During the later part of the nineteenth century, Utah politics was organized on religious lines, where elections were contested between a Mormon People's party and a Gentile Liberal party. However, there were early attempts toward organizing around national political patterns as well. As early as 1884, a Democratic party club was organized, allying a group of Utahns with the national Democratic party. Four years later another organization, known as Sagebrush Democracy, (initially a term of derision given the group by the Salt Lake Tribune), was established marking the first real effort to bring together Utahns in support of the national Democratic party.
State politics was reorganized after the 1890 Manifesto discontinuing polygamy was announced, and both the Republican and Democratic party emerged in the state. Many assumed that the traditional ties of many LDS Church leaders to the Democratic party philosophy would make Utah a strong Democratic state. In 1894, however, Republican Frank J. Cannon was elected Utah's delegate in Congress and the Republicans elected 60 members to the Constitutional Convention, a 13-vote majority over the Democratic. In the first presidential contest held after achieving statehood in 1896, however, Utah Democrats did well, drawing more than eighty percent of the presidential vote for William Jennings Bryan and electing a variety of Democrats to state and local office as well. That same year, William H. King was elected to Congress and the Democratic legislature selected Joseph L. Rawlins to serve as U. S. Senator. Two years later, the Democrats elected B. H. Roberts to Congress although he was denied his seat because of his practice of plural marriage. Roberts was eventually replaced by William H. King in a special election held in April 1900.
Utah Democrats were far less successful after 1900, a period characterized by the rise of Reed Smoot to political power and his political alliance between Mormons and Gentiles that led to a strengthened Republican party. Utah Democrats were also weakened by internal division and by the general support among Utahns for Republican policies that seemed to have brought prosperity to America in the first decade of the 20th century.
In 1914, Utah Democrats allied with the Progressive party to take control of both houses of the Utah legislature as well as many county offices. Two years later, the Democrats scored a major victory garnering the state's electoral votes for Wilson, and electing Simon Bamberger as Governor, William H. King to the U.S. Senate and both representatives in Congress. The state legislature was overwhelmingly Democratic as well.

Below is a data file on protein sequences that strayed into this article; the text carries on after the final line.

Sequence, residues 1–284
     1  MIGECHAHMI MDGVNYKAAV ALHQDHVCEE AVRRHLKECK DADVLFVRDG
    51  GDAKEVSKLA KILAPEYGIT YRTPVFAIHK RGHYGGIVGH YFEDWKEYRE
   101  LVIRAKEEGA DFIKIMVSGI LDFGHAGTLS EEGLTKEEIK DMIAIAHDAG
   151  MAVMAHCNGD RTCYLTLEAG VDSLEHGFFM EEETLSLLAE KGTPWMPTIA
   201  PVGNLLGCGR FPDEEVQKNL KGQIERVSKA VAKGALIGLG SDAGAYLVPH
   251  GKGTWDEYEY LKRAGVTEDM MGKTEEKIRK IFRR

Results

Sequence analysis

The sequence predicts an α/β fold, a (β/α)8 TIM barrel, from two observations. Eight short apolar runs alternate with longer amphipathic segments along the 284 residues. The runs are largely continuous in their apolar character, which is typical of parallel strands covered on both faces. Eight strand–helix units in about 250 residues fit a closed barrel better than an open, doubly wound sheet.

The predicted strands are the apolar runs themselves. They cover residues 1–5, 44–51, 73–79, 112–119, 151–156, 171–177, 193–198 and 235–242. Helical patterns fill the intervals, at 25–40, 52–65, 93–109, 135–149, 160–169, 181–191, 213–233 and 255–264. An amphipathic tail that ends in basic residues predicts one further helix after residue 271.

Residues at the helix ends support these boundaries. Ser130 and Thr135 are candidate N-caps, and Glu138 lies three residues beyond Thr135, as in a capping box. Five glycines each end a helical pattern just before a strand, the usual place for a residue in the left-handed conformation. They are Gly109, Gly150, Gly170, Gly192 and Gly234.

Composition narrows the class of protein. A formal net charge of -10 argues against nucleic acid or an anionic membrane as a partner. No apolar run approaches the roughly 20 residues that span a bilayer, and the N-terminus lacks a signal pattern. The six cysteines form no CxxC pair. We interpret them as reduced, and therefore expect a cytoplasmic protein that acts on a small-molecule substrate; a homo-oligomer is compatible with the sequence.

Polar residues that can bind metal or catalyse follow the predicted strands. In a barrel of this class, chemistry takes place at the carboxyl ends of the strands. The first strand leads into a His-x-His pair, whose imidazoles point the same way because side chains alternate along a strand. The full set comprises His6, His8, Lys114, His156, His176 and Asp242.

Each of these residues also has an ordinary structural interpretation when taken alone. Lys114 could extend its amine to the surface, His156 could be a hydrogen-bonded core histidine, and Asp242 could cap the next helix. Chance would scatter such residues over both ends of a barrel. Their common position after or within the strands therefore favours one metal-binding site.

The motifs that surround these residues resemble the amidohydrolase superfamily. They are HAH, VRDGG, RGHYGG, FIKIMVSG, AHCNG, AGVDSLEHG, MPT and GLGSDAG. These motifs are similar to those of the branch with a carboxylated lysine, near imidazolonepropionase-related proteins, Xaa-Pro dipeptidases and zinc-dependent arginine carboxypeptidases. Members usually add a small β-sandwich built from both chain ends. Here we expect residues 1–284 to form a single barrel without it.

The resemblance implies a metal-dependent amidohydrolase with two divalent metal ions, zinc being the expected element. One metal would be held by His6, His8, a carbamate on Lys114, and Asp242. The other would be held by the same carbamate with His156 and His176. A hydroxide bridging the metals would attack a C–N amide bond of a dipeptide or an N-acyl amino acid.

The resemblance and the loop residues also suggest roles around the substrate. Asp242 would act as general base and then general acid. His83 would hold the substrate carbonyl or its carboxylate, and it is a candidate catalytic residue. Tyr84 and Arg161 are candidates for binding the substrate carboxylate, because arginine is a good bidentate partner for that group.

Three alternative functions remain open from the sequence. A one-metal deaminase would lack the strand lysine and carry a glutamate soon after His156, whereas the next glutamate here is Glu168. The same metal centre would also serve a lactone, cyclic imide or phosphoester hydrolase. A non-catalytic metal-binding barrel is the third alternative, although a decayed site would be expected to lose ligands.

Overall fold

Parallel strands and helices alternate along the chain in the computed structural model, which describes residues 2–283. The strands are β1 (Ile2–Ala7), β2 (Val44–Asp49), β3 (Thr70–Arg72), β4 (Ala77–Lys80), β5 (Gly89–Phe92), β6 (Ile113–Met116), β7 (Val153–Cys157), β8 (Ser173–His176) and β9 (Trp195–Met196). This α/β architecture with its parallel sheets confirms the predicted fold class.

One of the most active Democrats during that period was James H. Moyle, party candidate for U.S. Senate in 1914, and a member of the Wilson administration. During the 1920s, Utah stayed pretty much in the Republican camp although King was re-elected in 1922 and 1928. Internal divisions within the Utah GOP at the time would prove important. A major upset occurred in 1924, when Democratic legislator George Dern defeated incumbent Republican Governor Charles Mabey using the slogan "We want a Dern Good Governor and We Don't Mean Mabey."
In the early 1930s, Utah Democrats, like their counterparts across the nation, emerged greatly strengthened by the candidacy of Franklin D. Roosevelt. Utah Governor Dern was selected by FDR to serve as Secretary of War in the first Roosevelt cabinet. In 1932, Elbert D. Thomas, a professor at the University of Utah, defeated Reed Smoot in a bitter contest and served in the Senate until he was defeated in a similarly bitter race in 1950. Moreover, a resurgent Democratic party paved the way for the emergence of the leading Utah Democrat of his generation -- Herbert B. Maw. Elected first to the state senate in 1928, Maw, an attorney and University of Utah professor, became the leader of the liberal, pro-FDR, wing of the party. In 1937, he was President of the Utah State Senate during one of the most liberal sessions in its history. This legislature passed bills dealing with relief and assistance and unemployment and enacted an open primary law that would strongly affect Democratic candidates. For the next decade, liberal forces dominated Utah's Democratic party, most notable Senator King, continued to hold office.